Comparison of research quality guidelines in academic and nonacademic environments

JAMA. 1990 Mar 9;263(10):1435-7.


Only 2 medical schools in the United States and Canada of 133 that responded to a survey have policy guidelines that address most of the significant ethical and procedural issues related to misconduct and fraud in biomedical research. Some nonacademic research environments have superior guidelines that offer useful models and deserve examination. Prevention of misconduct and fraud in biomedical research and reporting requires thoughtful, proactive change by academic and clinical institutions. While the causes of misconduct and fraud may be sufficiently complex to engender long debate, the methods for minimizing it are relatively straightforward and start with a clear statement of values and acceptance of responsibility. Otherwise, the failure of the biomedical research community to meet this challenge forthrightly is soon likely to lead to damaging intervention by government agencies and elected officials. The time to act is now.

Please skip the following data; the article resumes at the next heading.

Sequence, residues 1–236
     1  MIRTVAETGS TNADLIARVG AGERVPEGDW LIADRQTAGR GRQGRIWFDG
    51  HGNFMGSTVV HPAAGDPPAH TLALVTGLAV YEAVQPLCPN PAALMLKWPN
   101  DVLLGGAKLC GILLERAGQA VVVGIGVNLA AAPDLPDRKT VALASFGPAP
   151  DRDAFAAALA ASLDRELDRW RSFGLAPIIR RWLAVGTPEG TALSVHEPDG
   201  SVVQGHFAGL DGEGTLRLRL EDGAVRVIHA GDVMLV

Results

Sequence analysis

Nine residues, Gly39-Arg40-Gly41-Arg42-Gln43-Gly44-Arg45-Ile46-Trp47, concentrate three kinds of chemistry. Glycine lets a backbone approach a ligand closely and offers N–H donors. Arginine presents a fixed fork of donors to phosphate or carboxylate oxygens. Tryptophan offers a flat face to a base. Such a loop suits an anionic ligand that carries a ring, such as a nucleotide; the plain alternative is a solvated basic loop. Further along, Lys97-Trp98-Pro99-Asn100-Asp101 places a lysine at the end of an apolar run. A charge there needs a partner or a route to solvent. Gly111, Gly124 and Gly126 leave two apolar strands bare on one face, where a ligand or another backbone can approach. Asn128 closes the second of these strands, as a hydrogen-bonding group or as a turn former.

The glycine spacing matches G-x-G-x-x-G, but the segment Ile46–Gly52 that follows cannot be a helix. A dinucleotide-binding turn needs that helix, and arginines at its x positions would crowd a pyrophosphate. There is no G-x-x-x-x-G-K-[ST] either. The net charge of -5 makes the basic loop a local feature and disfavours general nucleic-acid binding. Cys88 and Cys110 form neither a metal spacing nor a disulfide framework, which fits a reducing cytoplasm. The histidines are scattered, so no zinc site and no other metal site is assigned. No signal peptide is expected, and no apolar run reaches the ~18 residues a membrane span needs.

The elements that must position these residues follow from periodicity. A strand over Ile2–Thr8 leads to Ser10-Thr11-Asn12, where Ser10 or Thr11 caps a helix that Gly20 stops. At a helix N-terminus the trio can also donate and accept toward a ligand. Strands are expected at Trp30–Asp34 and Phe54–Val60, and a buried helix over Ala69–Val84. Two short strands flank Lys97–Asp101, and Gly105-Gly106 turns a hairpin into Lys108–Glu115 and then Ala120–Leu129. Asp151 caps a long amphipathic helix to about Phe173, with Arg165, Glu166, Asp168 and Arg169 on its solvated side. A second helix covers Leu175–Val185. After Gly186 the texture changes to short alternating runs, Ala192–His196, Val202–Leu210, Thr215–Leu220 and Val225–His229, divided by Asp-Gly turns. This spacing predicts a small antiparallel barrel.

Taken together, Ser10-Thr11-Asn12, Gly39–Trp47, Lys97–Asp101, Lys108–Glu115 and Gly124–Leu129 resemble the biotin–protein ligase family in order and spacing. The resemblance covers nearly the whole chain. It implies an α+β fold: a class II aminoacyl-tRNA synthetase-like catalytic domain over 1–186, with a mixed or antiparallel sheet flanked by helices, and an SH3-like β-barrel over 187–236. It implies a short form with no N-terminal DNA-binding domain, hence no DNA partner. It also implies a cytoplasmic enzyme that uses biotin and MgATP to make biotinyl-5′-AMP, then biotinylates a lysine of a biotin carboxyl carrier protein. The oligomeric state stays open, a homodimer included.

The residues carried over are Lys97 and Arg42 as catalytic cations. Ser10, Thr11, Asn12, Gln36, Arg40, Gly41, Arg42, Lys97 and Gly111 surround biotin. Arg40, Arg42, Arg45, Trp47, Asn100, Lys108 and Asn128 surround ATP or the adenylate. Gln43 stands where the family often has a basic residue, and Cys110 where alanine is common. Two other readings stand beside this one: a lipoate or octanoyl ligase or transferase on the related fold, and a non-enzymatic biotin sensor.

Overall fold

KIE: A survey of medical schools in the United States and Canada reveals that only two of 133 responding institutions have developed policy guidelines addressing the issues of fraud and misconduct in biomedical research. By contrast, an ongoing study of various nonacademic institutions shows that many have policy and procedure documents that address such issues as the ethical and moral framework for research, institutional responsibility for research done by individuals, and unambiguous standards of ethical conduct for researchers. Nobel discusses the means by which academic institutions can fulfill their ethical, leadership, and perhaps legal responsibilities by establishing research guidelines.

Publication types

  • Comparative Study

MeSH terms

  • Biomedical Research*
  • Canada
  • Federal Government
  • Government Regulation
  • Research / standards*
  • Schools, Medical*
  • Scientific Misconduct* / statistics & numerical data
  • United States